Award-winning poet and educator Shonda Buchanan will discuss her new book, Black Indian, on Feb. 5 as part of Detroit Mercy’s Black History Month events.
Black Indian explores her family’s legacy of being African-Americans with American Indian roots and the societal exclusions the combination brought.
“I was inspired to write Black Indian because I wanted to tell the story of my family, and particularly the story of African American families with American Indian blood connections or oral history,” Buchanan said. “Our story is the real story of America and its founding.”
According to the description of Black Indian Buchanan tells the story of her Michigan tribe — a comedic yet manically depressed family of fierce women, who were everything from caretakers and cornbread makers to poets and witches, and men who were either ignored, protected, imprisoned or maimed — and how their lives collided over love, failure, fights and prayer despite a stacked deck of challenges, including addiction and abuse.
Buchanan says some readers have been drawn to the book for the history aspect of it, while others like the family dynamics of the book.
“The feedback that I have gotten has been so wonderful and so powerful,” Buchanan said. “I constantly hear, ‘This is my story.’ I hear, ‘This is my family story.’ I hear, ‘This is the relationship I have with my mother and my sister.’ So many people resonate with the story not just because of the identifying as Black and Indian, but also for the stories of addiction and abuse that I explore.
“Because of the difficult yet important subject matter of my book, I do believe my book has changed lives,” Buchanan added. “I have had several people contact me to tell me how my book help them confront a family member about something that happened in the past. When I hear that kind of story I think my work has been accomplished. Because the purpose of writing, the purpose of telling stories, is to help someone in some way, shape or form. I really believe that language can be a catalyst to change our lives and I write in that manner.”
Buchanan was born in Kalamazoo, Mich. She earned bachelor’s and master’s degrees in English from Loyola Marymount University and a Master of Fine Arts from Antioch University. She currently teaches at Loyola Marymount.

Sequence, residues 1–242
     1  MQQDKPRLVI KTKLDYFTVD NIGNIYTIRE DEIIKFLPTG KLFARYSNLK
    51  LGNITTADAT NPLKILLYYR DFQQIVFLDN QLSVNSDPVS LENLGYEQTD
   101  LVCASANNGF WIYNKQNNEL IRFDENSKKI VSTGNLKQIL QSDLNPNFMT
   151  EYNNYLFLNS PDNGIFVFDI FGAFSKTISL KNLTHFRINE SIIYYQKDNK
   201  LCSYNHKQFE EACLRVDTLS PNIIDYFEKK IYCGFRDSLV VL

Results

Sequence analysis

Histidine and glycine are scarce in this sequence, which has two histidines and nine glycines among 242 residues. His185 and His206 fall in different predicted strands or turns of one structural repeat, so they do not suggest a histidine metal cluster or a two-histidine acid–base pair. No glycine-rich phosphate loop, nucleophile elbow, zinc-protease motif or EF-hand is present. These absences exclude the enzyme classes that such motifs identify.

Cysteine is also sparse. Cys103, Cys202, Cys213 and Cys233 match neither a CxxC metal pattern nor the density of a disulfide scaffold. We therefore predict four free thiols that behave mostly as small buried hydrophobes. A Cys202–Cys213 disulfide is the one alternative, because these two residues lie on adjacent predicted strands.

Buchanan enjoys interacting with readers and is looking forward to returning to Michigan for her Detroit Mercy appearance.
“I love being in these kinds of spaces because people want to ask questions personally of me that they sometimes haven’t even admitted to themselves about their own history and heritage, and their bi-racial and tri-racial ancestry,” Buchanan said.
“I also love being a representation of someone who practices the ceremonies of both American Indians and Africans, having reclaimed traditions. I practice them as respectfully as I can, yet at the same time with an understanding that my relationship to these traditions happen differently from someone who was born into it.”
In addition to Black Indian, Buchanan has published several poetry books and her poetry and essays have been featured in a long list of anthologies.
“I love being able to create images on a page,” Buchanan said. “I love expressing myself there. But I think the most important thing is I sometimes cannot see a thing, even myself, if I don’t write it down. Writing has the power to heal. Language has the power to heal. And I’m constantly healing.”
The book talk will take place in the Ballroom, located on the second floor of the Student Union on Detroit Mercy’s McNichols Campus. A book signing will follow the talk.
This event is sponsored by the College of Liberal Arts & Education, the African American Studies program and the Black Abolitionist Archive.
To learn more about Detroit Mercy’s Black History Month celebration, visit udmercy.edu/about/news/articles/2020/01-15-black-history-month.